Under the new rules, companies' 10-K filings now must include a narrative "compensation discussion and analysis" section that describes the underlying philosophy and goals of the board's compensation plans. Unsatisfactory explanations for generous pay packages are coming under fire.
"Berkshire Hathaway discloses that its compensation practices are purely discretionary," Poerio points out. "But the only reason they can do that is because they're very conservative with their pay. By and large, shareholders are looking for data and company-to-company comparisons that make sense."
Another wrinkle in the discussion and analysis requirement is that the new rules make this a "filed," rather than "furnished" document--meaning the CEO and CFO must certify its accuracy.
"A material omission or misstatement in that document would be grounds for liability," DiBernardo says. "There's always a risk that a company didn't put in every detail that the shareholders want to know about."
Furthermore, shareholders are using this document to challenge methods of determining executive pay that they don't like. For instance, a group of institutional investors, including state governments and union pension funds, sent letters to the boards of 25 large companies in February, asking them to disclose their overlapping entanglements with the consultants they use to help them set executive pay. They raised concerns that consultants will recommend excessive compensation in exchange for assurances that the executives will later steer lucrative consulting work their way.
"Where you have a generous pay out to an executive being recommended by a consultant who's also doing all kinds of other business with the company, that gives rise to questions," McGurn says. "And it will be rich fodder for litigation."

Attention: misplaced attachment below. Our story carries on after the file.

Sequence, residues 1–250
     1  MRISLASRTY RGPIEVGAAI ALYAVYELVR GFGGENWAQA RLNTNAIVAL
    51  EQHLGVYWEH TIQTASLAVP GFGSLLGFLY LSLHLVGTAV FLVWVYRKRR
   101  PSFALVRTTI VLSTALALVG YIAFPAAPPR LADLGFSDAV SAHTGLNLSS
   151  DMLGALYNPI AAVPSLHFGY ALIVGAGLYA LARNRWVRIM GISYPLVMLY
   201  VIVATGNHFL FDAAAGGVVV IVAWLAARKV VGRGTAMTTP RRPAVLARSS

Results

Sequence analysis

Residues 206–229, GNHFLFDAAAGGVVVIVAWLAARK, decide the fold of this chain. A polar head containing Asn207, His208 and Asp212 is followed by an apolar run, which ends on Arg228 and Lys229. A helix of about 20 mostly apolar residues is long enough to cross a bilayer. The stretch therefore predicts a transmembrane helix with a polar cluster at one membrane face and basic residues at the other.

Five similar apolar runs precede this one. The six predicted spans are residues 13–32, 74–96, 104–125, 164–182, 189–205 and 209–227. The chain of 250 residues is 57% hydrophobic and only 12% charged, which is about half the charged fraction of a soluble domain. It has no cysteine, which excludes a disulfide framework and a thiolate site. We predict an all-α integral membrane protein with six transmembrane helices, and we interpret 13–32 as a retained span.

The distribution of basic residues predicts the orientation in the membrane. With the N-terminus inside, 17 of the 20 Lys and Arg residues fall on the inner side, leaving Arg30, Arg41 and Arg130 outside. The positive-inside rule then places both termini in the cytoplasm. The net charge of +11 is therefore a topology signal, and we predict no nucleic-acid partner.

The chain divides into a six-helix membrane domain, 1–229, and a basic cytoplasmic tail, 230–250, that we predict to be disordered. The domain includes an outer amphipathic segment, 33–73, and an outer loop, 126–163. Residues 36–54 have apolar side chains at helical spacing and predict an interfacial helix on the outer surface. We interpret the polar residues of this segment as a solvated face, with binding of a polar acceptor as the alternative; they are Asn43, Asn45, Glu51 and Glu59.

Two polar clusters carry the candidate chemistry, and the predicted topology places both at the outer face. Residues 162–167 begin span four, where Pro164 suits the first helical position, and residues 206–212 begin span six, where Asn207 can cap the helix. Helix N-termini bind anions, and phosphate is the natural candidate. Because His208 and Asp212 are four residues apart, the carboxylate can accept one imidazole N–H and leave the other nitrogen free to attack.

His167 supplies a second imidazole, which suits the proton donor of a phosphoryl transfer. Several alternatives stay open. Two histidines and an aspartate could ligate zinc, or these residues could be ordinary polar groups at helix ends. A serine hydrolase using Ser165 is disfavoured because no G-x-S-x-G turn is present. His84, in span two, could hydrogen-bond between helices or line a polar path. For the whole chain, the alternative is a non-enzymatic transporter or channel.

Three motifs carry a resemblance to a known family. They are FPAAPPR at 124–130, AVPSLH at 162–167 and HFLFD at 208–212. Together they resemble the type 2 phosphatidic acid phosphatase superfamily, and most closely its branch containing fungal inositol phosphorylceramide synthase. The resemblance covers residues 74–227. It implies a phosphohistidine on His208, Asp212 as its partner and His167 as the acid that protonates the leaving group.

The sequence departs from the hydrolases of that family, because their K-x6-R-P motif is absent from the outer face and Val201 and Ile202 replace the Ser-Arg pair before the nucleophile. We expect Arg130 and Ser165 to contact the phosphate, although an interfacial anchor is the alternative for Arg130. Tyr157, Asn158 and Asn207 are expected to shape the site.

Almost immediately upon the receipt of the letter, Morgan Stanley announced it had dropped Hewitt Associates as the company's pay consultant. ExxonMobil and GE agreed to disclose what other services they buy from their pay consultants. Other companies have implemented written policies requiring directors to use independent pay consultants.
Having A Say
As if the SEC rule changes and ever-intensifying shareholder scrutiny of executive pay weren't putting enough pressure on corporate boards' compensation committees, Massachusetts Rep. Barney Frank proposed legislation in March that would add one more layer to shareholders' ability to influence pay packages. His so-called "Say-on-Pay" law would give shareholders a non-binding advisory vote on public companies' executive pay plans.
The House Financial Services Committee, of which Frank is the chair, approved the measure March 29. While on paper the bill would not give shareholders the right to override the board's judgments, many believe that the likely effect of the legislation would be just that.
"If the Frank bill goes through, there's going to be a lot more communication from boards to shareholders," DiBernardo says. "I think it would make it very hard for compensation committee members to retain their seats."